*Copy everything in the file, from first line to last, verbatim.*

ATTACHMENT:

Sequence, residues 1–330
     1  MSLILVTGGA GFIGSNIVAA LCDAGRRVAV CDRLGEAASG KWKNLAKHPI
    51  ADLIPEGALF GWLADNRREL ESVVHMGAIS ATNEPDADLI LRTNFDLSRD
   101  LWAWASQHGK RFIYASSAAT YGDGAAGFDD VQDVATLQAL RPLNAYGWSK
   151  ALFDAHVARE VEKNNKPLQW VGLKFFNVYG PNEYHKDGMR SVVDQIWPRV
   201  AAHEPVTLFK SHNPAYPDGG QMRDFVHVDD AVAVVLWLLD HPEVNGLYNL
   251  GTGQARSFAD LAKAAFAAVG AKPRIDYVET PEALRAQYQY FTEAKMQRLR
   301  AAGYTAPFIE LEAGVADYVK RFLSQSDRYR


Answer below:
Sequence, residues 1–330
     1  MSLILVTGGA GFIGSNIVAA LCDAGRRVAV CDRLGEAASG KWKNLAKHPI
    51  ADLIPEGALF GWLADNRREL ESVVHMGAIS ATNEPDADLI LRTNFDLSRD
   101  LWAWASQHGK RFIYASSAAT YGDGAAGFDD VQDVATLQAL RPLNAYGWSK
   151  ALFDAHVARE VEKNNKPLQW VGLKFFNVYG PNEYHKDGMR SVVDQIWPRV
   201  AAHEPVTLFK SHNPAYPDGG QMRDFVHVDD AVAVVLWLLD HPEVNGLYNL
   251  GTGQARSFAD LAKAAFAAVG AKPRIDYVET PEALRAQYQY FTEAKMQRLR
   301  AAGYTAPFIE LEAGVADYVK RFLSQSDRYR